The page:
Gilgit-Baltistan: A beauty incomparable
As the airplane taxied on the runway, I was nervous as well as excited. Nervous, because I was travelling by air after a good 17 years or so, and excited, because of this much- awaited trip to Gilgit-Baltistan (G-B).
I, along with my family, set off to explore Hunza Valley, taking a detour through the Rakaposhi View Point and the Attabad Lake. The sight at the Rakaposhi View Point, amidst the loud but appeasing sound of water flowing directly from the melted glaciers of the Rakaposhi Mountain, was harbinger of the beauty that was to greet us throughout the trip. The Attabad Lake is also one of a kind, with the blue colour of its water and the boat ride amidst the twists and turns of the valley, make the travellers believe they are on a journey towards a never-before-seen sylvan part of the world – the kind of a journey you never want to put an end to.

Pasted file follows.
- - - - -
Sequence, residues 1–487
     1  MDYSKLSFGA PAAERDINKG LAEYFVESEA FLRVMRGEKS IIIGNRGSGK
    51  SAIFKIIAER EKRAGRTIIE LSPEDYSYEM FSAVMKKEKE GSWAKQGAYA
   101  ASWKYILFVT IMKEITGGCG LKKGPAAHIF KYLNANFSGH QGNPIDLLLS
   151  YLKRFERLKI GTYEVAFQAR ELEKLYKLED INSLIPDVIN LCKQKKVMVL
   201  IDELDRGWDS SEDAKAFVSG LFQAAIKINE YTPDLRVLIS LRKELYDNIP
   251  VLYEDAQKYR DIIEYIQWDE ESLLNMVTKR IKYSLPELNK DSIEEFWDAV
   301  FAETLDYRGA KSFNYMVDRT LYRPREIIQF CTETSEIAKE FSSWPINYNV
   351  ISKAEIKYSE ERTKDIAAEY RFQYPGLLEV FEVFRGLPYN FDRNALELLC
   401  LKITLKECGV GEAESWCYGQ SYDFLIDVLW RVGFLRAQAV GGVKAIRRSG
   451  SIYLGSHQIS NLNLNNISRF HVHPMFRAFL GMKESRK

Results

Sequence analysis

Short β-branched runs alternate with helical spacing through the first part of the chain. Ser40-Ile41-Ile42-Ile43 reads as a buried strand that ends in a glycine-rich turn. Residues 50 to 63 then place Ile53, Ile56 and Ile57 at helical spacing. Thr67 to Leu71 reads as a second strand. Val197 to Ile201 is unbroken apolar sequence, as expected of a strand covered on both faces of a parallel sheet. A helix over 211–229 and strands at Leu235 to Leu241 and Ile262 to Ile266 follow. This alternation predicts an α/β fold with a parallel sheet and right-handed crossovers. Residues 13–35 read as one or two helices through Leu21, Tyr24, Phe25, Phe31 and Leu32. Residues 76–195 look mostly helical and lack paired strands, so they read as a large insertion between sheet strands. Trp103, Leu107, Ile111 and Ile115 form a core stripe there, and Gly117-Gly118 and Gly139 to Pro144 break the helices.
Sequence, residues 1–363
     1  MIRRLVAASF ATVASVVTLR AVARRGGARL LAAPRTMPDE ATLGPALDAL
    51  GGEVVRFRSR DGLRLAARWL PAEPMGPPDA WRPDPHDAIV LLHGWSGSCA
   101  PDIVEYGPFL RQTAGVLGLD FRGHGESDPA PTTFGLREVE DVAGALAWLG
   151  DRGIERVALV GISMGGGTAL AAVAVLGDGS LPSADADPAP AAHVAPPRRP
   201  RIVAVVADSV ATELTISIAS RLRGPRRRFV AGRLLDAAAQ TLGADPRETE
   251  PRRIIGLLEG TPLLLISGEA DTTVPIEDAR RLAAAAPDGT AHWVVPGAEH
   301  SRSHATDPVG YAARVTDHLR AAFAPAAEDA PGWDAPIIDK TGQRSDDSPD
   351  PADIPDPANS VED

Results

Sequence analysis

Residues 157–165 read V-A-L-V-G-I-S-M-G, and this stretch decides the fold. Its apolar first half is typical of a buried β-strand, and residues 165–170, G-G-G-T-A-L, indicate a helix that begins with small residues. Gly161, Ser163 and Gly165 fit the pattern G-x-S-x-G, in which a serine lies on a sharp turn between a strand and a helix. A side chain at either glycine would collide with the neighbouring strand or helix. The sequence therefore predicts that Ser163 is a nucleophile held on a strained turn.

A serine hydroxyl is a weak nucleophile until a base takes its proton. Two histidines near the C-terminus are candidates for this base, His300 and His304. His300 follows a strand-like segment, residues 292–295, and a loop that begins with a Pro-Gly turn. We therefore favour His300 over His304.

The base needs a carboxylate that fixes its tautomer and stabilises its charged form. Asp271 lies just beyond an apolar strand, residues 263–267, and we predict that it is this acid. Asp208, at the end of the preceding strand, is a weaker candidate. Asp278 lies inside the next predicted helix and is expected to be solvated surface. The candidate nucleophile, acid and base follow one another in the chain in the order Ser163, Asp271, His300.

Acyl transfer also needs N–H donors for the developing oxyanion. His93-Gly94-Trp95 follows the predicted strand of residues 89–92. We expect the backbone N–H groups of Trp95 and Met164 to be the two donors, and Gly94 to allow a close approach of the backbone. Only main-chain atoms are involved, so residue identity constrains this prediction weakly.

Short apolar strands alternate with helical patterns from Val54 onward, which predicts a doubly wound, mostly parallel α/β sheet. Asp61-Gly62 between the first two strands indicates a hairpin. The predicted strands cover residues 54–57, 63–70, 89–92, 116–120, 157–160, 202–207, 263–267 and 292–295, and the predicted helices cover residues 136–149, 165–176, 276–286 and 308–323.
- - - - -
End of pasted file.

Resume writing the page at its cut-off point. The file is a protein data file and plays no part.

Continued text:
After dwelling in the magnificence of the Attabad Lake, we headed towards the Hunza Valley, passing through the serpentine, well-constructed road of the Karakoram Highway. Hunza has the highest literacy rate in Pakistan – more than 90% for both genders – which is phenomenal. We aimed to visit the Baltit Fort first, strolling through the valley to make our way upwards towards the fort. As one walks through the residential area and the streets, the sight of the houses built reminds one of the huts in Santorini, Greece; that’s just how immaculately constructed, clean and colourful they are.